Tuesday, November 3, 2009

Do you know? Promissory estoppel versus at-will employment

In Ohio, the default rule governing employment relationships is employment at-will. Under at-will employment, unless otherwise agreed, either the employer or the employee can terminate the employment relationship at any time and for any reason. Promissory estoppel is one exception to the general rule of at-will employment. It is defined as “a promise which the promisor should reasonably expect to induce action or forbearance on the part of the promisee or a third person and which does induce such action or forbearance is binding if injustice can be avoided only by enforcement of the promise.” In layman’s terms, if it is unfair or unjust to permit a party to back out of definite promise because of some reasonable action taken by the other party on that promise, then the court will enforce the promise like a contract. To prevail on a promissory estoppel claim, a plaintiff must show:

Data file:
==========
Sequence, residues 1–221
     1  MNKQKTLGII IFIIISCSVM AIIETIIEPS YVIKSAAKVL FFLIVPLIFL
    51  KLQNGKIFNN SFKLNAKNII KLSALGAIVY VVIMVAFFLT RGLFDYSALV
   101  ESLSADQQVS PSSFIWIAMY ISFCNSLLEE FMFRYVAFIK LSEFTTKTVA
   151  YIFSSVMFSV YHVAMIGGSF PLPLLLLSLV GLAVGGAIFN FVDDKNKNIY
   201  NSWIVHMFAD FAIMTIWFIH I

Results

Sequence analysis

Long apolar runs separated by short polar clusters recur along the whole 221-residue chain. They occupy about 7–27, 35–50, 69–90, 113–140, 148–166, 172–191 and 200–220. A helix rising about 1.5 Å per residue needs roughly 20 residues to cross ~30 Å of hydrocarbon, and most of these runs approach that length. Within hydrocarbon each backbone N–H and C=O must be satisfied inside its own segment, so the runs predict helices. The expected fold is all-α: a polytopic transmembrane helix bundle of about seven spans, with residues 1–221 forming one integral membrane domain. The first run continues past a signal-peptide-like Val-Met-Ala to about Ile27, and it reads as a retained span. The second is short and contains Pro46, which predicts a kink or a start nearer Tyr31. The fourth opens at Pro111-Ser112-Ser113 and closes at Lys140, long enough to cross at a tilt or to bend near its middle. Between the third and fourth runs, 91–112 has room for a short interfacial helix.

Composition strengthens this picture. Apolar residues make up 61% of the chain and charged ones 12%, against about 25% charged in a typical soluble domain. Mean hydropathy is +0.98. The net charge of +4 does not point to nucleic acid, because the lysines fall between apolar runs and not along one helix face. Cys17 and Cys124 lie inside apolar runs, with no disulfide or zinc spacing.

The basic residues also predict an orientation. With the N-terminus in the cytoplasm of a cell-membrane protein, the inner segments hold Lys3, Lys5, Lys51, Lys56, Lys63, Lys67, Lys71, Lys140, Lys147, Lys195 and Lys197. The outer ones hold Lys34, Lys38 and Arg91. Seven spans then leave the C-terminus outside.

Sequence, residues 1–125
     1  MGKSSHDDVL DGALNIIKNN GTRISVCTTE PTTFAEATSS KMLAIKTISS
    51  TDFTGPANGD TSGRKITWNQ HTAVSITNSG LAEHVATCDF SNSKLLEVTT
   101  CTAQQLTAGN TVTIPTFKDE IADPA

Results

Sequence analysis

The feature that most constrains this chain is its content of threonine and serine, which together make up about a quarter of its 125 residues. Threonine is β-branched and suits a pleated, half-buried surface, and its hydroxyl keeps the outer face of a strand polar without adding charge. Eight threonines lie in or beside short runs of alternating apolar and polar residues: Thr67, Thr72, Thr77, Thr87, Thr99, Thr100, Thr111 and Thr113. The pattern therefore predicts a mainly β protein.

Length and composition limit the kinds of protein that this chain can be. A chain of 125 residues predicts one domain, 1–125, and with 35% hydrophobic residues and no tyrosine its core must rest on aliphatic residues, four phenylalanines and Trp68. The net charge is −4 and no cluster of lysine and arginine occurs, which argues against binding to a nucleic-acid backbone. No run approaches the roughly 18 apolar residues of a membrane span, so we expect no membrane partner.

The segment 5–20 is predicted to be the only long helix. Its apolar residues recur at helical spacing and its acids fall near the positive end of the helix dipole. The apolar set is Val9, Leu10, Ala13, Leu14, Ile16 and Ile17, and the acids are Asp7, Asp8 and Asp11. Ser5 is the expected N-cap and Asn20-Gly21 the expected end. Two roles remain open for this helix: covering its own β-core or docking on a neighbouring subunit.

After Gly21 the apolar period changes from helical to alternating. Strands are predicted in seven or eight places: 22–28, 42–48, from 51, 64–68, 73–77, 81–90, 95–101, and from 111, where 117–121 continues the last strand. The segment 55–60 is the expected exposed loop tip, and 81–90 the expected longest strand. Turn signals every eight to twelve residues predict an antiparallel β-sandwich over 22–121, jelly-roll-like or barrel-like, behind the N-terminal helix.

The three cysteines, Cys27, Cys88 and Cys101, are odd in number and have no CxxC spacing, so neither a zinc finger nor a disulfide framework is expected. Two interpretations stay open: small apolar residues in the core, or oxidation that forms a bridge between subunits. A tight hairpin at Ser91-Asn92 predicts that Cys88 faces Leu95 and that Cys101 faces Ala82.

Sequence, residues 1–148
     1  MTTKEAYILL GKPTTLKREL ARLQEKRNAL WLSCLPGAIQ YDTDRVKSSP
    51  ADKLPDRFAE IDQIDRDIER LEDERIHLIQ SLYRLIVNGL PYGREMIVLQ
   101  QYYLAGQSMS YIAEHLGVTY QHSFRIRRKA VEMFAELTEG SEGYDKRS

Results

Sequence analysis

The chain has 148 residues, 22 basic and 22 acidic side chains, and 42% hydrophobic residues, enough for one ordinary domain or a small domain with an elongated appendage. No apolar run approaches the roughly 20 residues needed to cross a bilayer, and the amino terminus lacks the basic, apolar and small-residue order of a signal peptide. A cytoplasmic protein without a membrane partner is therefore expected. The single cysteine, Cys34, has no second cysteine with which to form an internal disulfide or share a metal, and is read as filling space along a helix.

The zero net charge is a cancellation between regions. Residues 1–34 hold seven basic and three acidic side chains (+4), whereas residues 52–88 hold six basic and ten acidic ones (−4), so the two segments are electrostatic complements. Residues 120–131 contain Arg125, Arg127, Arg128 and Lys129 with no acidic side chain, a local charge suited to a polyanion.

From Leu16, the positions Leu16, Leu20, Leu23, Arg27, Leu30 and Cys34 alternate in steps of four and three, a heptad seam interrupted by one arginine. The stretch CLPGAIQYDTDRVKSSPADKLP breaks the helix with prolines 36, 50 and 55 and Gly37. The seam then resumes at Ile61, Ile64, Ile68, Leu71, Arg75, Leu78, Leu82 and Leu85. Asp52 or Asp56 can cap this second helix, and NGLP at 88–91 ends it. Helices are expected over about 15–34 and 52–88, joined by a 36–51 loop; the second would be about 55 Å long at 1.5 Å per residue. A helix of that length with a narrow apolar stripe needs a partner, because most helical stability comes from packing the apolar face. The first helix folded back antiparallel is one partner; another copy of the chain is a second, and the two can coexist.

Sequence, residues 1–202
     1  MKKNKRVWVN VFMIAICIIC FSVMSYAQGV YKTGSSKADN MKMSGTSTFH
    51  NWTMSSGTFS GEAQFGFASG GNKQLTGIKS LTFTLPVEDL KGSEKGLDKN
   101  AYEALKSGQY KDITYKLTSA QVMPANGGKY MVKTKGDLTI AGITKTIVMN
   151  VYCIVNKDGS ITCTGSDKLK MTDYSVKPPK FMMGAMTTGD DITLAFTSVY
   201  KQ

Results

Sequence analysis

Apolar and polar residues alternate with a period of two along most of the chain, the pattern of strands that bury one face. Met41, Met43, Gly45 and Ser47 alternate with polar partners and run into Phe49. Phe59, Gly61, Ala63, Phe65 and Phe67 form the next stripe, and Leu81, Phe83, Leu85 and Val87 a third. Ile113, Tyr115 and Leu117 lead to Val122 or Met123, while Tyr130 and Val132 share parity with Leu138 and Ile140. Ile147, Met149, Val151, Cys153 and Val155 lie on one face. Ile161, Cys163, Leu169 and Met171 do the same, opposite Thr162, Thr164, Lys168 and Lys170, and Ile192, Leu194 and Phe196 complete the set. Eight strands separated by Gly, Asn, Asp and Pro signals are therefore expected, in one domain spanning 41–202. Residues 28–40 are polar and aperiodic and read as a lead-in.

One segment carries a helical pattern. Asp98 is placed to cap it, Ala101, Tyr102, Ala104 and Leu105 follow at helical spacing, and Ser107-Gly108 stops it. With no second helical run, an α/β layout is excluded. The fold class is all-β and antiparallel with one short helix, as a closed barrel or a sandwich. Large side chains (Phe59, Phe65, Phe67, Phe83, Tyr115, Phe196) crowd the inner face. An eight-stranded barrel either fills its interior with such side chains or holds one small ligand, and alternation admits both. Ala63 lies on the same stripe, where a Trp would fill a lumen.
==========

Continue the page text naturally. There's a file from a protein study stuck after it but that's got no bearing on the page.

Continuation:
1. the existence of a clear and unambiguous promise
  2. upon which one would reasonably and foreseeably rely, and
  3. the plaintiff actually relied on the promise
  4. to plaintiff’s detriment.

According to Ohio law, to overcome the presumption of at-will employment, the promise not only must be sufficiently clear and unambiguous, but also must promise continued employment for a specific period. An employee cannot rely upon promises of an indefinite duration, promises of any otherwise nebulous nature, or generalized representations about the employee’s job performance.

Even if you avoid promising employees jobs for a definite period of time, a terminated employee can still try to claim reliance on some other statement or promise. The best defense against an employee claiming promissory estoppel based on some oral statement made by a manager is a clearly worded disclaimer in an employee handbook. Disclaimers should cover the following issues:

  • Setting forth that all employees are at-will;
  • Describing what at-will employment means;
  • Stating that no one has the authority to enter into any agreement altering that at will-relationship; and
  • That is not reasonable for any employee to rely on any statement by anyone to the contrary.

With such a disclaimer signed by an employee, any reliance by that employee on any promise or statement will likely be found to be unreasonable.

Presented by Kohrman Jackson & Krantz, with offices in Cleveland and Columbus. For more information, contact Jon Hyman, a partner in our Labor & Employment group, at (216) 736-7226 or jth@kjk.com.

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